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Steven Frischling
Live: HVN
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Steven Frischling, aka: Fish, is globe hopping professional photographer, airline emerging media consultant working with large global airlines and founder of The Travel Strategist. Fish has racked up more than 1,000,000 miles since he started to track his mileage in 2005.

Fish's travel tends to be less than leisurely, including flying from New York to Basrah, Iraq, for six hours; Hong Kong for eight hours, Kuwait City for two hours and traveling around the world in 3.5 days to shoot a series of photo assignments in 4 cities and 4 countries on 3 separate continents.

Fish grew up at the end of New York's JFK International Airport's Runway 4R/22L, which probably explains his enjoyment of watching planes, fly overhead. When not shooting photos or traveling Fish designs camera bags, hones is expertise on airline security and spends his time at home cheering for the Red Sox with his 3 kids 102 yards from the ocean.

Frequent Flyer Miles Have Value : Use Them Or Lose Them

Web: www.thetravelstrategist.com — E-Mail: fish@flyingwithfish.com

06/04/2009 – Frequent Flyer Miles Have Value : Use Them Or Lose Them

Are you using your frequent flyer miles? You earn them when you fly, chances are if you are a frequent traveler you also earn them through your credit card, your hotel stays, your car rentals and through other earning sources.

Airlines have been using frequent flyer programs to attract a loyal passenger base since their creation nearly 30 years ago. In May of 1981 the first frequent flyer program (as we know it today) was launched by American Airlines. British Airways, Delta Airlines and United Airlines quickly followed American Airline’s AAdvantage. Today, virtually every commercial airline, flying scheduled service, offers a frequent flyer program.

Airlines use frequent flyer programs as a very strong secondary source of income, with some airlines spinning off their programs into separate entities, or using their programs to cover other airlines. Lufthansa’s Miles & More program spans nine European airlines (as AirOne leaves the program Brussels Airlines joins the program) as well as six regional carriers.

With airlines around the world aggressively seeking ancillary revenue streams, their frequent flyer programs are being expanded, while many airlines reduce members’ ability to redeem miles for flights. Airlines have found many secondary sources to allow for passenger redemption without opening up available seat stock, or severely restricting access to the lowest ‘miles fare’ seats.

What does this mean for flyers as we continue to rack up miles? As of the latest full review I can find, which details the 2007 global frequent flyer spectrum, it shows most flyers are not maximizing their use of potential miles.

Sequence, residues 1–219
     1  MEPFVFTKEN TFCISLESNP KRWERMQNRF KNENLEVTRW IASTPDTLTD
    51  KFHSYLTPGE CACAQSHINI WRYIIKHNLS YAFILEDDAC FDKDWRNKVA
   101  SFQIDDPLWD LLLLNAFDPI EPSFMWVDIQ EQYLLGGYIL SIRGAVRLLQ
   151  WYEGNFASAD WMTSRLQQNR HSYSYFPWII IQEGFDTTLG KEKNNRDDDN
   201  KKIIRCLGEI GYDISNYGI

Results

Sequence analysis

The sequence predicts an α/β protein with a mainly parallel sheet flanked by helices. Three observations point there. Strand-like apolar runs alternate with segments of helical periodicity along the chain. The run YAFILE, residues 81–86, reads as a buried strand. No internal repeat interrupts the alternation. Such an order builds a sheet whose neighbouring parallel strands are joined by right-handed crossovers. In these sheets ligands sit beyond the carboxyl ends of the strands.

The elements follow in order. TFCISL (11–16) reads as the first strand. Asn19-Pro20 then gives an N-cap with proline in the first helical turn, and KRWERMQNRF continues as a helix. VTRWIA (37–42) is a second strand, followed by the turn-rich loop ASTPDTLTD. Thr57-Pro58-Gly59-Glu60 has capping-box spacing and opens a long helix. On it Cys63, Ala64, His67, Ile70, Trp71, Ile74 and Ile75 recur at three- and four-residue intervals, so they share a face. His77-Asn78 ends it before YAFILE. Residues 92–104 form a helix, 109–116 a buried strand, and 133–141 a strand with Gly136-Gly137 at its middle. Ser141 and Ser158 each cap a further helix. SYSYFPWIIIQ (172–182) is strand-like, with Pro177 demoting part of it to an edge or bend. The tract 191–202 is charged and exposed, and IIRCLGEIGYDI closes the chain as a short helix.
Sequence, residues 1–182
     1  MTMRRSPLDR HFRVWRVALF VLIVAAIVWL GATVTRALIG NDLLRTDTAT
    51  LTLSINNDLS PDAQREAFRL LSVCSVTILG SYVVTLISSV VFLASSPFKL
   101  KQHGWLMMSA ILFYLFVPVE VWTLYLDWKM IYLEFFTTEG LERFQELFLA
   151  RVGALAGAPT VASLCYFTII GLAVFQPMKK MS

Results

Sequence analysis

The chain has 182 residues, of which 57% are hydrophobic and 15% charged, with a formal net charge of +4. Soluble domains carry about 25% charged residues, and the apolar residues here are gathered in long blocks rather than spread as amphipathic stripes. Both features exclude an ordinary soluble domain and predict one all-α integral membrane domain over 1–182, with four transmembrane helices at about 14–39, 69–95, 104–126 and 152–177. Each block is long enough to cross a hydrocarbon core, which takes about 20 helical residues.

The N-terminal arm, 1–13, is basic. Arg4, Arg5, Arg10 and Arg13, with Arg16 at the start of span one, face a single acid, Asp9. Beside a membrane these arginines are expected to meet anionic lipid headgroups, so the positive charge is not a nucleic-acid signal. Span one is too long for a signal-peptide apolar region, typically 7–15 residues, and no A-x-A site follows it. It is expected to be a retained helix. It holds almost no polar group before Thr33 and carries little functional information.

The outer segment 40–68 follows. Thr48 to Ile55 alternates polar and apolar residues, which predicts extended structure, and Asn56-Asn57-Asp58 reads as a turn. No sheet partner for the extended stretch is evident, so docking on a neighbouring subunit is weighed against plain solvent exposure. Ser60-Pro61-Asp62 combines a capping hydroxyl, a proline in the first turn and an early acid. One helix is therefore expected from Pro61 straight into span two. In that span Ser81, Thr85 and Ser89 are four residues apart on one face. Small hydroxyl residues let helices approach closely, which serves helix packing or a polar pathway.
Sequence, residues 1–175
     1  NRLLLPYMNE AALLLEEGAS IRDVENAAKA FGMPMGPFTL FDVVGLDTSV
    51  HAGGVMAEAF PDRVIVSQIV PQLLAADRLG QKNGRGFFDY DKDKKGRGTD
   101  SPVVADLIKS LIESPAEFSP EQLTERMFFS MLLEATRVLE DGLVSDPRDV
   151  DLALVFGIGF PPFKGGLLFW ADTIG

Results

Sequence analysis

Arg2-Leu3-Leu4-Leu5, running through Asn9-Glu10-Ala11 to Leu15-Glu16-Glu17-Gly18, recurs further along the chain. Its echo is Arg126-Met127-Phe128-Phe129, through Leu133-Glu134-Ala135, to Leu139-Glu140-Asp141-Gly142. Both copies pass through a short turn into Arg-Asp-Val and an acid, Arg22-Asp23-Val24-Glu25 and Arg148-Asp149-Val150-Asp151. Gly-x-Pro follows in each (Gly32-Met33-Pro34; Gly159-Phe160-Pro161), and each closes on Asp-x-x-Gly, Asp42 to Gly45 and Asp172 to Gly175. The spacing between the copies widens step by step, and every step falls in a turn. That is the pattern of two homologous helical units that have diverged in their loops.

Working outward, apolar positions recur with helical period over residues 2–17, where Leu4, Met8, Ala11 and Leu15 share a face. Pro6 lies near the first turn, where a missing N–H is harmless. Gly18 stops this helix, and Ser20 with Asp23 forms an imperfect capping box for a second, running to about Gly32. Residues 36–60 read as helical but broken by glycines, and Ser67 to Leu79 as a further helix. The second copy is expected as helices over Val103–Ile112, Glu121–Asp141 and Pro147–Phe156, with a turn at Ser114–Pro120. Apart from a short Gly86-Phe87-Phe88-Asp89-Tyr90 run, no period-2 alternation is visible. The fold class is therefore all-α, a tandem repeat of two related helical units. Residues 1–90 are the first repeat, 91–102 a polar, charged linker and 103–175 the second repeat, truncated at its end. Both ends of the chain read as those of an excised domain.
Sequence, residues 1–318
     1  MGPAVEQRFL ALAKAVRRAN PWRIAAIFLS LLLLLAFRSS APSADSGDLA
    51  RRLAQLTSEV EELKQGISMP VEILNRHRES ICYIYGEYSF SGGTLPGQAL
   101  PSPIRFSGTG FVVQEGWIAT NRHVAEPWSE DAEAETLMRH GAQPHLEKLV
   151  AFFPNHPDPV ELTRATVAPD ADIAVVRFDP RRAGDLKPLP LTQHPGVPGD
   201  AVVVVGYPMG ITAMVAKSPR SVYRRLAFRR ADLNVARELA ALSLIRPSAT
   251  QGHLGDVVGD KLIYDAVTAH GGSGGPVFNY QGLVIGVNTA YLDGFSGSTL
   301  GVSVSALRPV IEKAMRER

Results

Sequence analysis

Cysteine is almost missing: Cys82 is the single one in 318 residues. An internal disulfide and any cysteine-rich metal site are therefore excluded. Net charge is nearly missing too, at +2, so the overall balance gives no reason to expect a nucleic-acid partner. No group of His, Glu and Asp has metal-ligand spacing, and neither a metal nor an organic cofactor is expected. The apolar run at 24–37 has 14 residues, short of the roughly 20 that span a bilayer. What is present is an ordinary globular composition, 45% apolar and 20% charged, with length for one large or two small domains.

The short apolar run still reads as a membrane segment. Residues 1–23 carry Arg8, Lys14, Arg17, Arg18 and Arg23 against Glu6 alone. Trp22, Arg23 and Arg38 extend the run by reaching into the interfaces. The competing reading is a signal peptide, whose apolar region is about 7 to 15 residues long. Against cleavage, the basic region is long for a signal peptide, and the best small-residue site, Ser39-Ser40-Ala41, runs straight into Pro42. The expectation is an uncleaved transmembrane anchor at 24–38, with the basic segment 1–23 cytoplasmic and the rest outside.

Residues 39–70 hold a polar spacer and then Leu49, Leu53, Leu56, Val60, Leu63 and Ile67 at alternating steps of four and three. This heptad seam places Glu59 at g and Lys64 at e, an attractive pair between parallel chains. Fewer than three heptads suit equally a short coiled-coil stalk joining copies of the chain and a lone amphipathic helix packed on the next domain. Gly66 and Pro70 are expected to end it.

At the end of 2007 there were an estimated 17,000,000,000,000 (yes that is trillion) unused frequent flyer miles in circulation. Of these 17-trillion frequent flyer miles in circulation, an estimated 39,000,000,000 (yes that is billion) frequent flyer miles expire annually. These 17-trillion frequent flyer miles equate to an estimated US$480-billion and US$700-billion in potential redemption value.

Airlines know that most members of their frequent flyer programs will never achieve “elite” status or full maximize the benefit of their miles. Airlines recognize that most people will never accrue 1,000,000 miles or more in a year, as over 307,000 frequent flyers did in 2007, through a mix of flying, credit card accrual and other secondary earning sources

Frequent flyer miles are so valuable to airlines that they use the miles literally as cash leverage, as do banks and credit cards. In 2007 American Airlines was able to gain access to liquid assets by selling US$900,000,000 worth of frequent flyer miles to Citibank. American Express earns approximately US$300,000,000 alone through annual fees from its Delta Airlines SkyMiles cross-branded card. The Delta Airlines-Northwest Airlines merger, and Northwest’s conversion to the SkyMiles program, will cost its cross-branded credit card issuer US Bank an estimated loss of US$65,000,000 in annual fees from the loss of it’s Northwest WorldPerks Visa card program.

With trillions of unused frequent flyer miles in circulation and billions of frequent flyer miles expiring annually, how will you use your miles? Fly with them? Pay for a hotel stay? Magazine subscription? Maybe donate them (I recently donated more than 20,000 miles from a program I no longer use before they expired)?

Whatever you plan to do with your miles, use them before you lose them. Miles have value and if nothing else, the airlines expect you to forget about them and let them expire.

Happy Flying!

3 Responses

  1. […] More than a year ago I wrote about the massive number of unused frequent flyer miles by travelers and the financial value to airlines when I wrote this – Frequent Flyer Miles Have Value : Use Them Or Lose Them […]

  2. […] More than a year ago I wrote about the massive number of unused frequent flyer miles by travelers and the financial value to airlines when I wrote this – Frequent Flyer Miles Have Value : Use Them Or Lose Them […]

  3. […] those wondering if American Airlines’ 2007 US$900,000,000 sale of AAdvantage miles to Citibnk to gain liquidity might…, in fact … it does.  On Page 16, Item 41,  some interesting information regarding the […]

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